"There's some younger children who are starting to forget. Parents are not telling them about it. They don't want to discuss it," Ornedo said. "With this memorial, hopefully, when they bring their children, they will remember what really happened here."

On the back corner of Marcellia Potler's shoulder is a tattooed reminder of the day her father died. An inked outline of the Pentagon surrounds the date 9-11-01, and is topped with the name of her father, retired Col. Ronald F. Golinski.

Seven of his children were there to remember him.

Potler sat on the bench and put her feet in the pool of water beneath.

"That's typical of me. I thought of him when I sat there, just talking to him in my head," Potler said.

Because her father's remains were never recovered, Potler said she feels closure at the memorial. She knows he is there, Potler said.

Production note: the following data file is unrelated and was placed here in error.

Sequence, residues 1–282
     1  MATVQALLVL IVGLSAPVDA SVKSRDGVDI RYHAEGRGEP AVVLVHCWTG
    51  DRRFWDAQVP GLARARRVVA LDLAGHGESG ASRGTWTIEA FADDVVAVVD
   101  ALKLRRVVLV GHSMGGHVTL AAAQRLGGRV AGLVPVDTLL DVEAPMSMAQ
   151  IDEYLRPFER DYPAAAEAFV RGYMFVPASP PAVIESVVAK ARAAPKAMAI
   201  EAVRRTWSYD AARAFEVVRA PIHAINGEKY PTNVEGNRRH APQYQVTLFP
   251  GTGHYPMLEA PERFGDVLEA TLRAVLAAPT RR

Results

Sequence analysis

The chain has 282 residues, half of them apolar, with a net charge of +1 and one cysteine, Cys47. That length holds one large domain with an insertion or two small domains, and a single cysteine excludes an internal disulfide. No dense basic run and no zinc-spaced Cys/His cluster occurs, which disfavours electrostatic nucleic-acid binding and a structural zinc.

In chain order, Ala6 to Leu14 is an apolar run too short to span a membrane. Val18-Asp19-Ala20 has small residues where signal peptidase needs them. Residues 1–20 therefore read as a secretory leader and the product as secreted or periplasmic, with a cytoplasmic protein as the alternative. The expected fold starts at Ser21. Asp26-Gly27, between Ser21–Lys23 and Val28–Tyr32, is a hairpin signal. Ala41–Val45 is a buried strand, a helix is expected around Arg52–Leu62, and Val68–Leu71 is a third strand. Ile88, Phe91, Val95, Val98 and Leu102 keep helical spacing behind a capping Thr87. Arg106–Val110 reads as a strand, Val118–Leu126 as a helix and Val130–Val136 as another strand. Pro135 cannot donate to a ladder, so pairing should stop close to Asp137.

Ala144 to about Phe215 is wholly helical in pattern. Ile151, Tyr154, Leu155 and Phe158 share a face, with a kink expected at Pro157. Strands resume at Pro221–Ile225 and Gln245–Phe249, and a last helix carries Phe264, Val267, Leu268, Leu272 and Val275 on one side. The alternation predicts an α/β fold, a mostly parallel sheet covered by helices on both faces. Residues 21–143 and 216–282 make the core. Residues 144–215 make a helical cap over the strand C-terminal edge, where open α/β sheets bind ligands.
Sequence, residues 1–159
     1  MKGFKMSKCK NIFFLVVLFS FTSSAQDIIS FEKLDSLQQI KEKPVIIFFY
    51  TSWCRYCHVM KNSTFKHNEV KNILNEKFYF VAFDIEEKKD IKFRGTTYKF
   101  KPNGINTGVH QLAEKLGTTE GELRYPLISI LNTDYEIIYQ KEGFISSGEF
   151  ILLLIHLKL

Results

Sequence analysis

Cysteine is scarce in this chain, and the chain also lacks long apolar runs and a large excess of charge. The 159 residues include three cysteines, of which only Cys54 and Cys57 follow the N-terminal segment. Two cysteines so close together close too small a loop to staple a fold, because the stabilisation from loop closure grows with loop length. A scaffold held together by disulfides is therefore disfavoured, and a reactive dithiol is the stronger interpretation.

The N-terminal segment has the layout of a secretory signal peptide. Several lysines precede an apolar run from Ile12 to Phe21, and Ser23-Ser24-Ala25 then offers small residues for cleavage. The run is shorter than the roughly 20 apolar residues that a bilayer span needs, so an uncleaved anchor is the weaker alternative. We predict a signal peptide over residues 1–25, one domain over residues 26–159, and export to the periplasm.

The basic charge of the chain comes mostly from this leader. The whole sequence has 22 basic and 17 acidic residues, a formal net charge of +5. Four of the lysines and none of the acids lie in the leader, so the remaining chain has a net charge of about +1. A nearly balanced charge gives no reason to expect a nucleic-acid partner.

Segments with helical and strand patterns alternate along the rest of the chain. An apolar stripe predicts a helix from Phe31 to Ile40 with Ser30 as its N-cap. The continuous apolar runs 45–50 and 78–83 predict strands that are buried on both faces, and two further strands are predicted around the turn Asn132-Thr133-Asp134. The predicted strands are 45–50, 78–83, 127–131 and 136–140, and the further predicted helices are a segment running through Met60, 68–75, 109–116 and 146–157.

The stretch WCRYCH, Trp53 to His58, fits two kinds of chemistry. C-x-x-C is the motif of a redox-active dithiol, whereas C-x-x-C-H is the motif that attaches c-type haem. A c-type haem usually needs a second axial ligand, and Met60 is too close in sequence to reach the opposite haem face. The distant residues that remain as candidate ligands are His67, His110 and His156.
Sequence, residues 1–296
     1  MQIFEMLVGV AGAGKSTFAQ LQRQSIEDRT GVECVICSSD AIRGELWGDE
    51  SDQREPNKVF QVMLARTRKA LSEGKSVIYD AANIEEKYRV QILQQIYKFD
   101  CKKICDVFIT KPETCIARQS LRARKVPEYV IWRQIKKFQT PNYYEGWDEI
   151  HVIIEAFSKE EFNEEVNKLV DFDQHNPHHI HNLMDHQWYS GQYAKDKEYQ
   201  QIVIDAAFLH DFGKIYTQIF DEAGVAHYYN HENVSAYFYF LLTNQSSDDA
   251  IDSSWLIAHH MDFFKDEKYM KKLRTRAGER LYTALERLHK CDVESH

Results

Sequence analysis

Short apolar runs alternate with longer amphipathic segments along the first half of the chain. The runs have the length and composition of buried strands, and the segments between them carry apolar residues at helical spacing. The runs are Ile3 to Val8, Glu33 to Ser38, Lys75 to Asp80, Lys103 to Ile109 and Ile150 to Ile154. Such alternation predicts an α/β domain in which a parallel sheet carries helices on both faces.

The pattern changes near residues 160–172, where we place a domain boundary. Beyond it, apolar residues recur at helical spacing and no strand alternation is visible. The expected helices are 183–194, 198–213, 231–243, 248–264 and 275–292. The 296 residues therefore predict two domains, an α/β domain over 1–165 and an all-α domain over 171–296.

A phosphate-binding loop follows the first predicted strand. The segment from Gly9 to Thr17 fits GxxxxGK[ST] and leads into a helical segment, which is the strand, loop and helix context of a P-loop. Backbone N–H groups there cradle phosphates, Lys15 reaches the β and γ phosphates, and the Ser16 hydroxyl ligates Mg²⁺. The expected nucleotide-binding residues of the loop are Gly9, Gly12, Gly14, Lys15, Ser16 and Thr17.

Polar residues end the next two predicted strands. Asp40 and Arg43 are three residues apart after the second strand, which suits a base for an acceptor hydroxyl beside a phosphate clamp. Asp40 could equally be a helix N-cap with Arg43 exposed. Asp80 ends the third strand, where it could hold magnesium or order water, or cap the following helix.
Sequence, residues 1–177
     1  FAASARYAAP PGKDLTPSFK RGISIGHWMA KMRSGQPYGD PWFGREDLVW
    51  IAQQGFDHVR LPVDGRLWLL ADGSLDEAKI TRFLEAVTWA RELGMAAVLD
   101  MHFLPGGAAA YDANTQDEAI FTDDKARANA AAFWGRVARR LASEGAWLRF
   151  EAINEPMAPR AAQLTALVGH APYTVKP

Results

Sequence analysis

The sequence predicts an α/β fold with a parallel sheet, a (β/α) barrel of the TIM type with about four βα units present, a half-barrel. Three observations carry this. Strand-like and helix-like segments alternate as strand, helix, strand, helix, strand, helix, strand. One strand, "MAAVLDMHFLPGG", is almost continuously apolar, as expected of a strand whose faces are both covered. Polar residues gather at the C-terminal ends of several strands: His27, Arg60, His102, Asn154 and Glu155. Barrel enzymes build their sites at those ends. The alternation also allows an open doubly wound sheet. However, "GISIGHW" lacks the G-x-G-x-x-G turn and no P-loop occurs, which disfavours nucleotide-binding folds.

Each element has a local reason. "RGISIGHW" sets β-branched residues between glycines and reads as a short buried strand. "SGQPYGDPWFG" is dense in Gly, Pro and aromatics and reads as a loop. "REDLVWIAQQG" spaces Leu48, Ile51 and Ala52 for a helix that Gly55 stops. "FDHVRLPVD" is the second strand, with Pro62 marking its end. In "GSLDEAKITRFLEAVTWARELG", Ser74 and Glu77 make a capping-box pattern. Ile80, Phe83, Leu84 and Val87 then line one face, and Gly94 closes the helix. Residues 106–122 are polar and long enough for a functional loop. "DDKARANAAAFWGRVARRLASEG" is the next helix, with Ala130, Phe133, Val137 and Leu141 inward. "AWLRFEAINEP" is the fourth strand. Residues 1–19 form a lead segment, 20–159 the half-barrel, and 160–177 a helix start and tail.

In seeing his picture, in hearing his name, she remembers her father here, Potler said.

Steve Cochran wanted to remember his notes today. A bagpiper of nearly three decades, he walked through the memorial during the ceremony playing "Amazing Graze."

Yesterday, during practice, he made it only halfway through, Cochran said. He "bobbled the tune" because it was overwhelming," he said.

Today, as he was waiting to start, the playing of "Taps" got to him. He fought to keep his emotions under control, Cochran said.

"I was out there all by myself and it was like 'I'm not by myself," Cochran said of his walk through the benches.

Cochran could not hold back his tears.

"This probably one of the most moving events I've worked," Cochran said.

A retired reserve Coast Guard command master chief petty officer and a retired full-time firefighter, Cochran said simply that the memorial serves as a reminder that "freedom is not free."

"It's expensive," Cochran said. "We need to keep that in mind, and if we ever forget that we are vulnerable ... and that there are those out there who want to hit us, then all you need to do is look over there to that field and then you'll understand why people work in this building."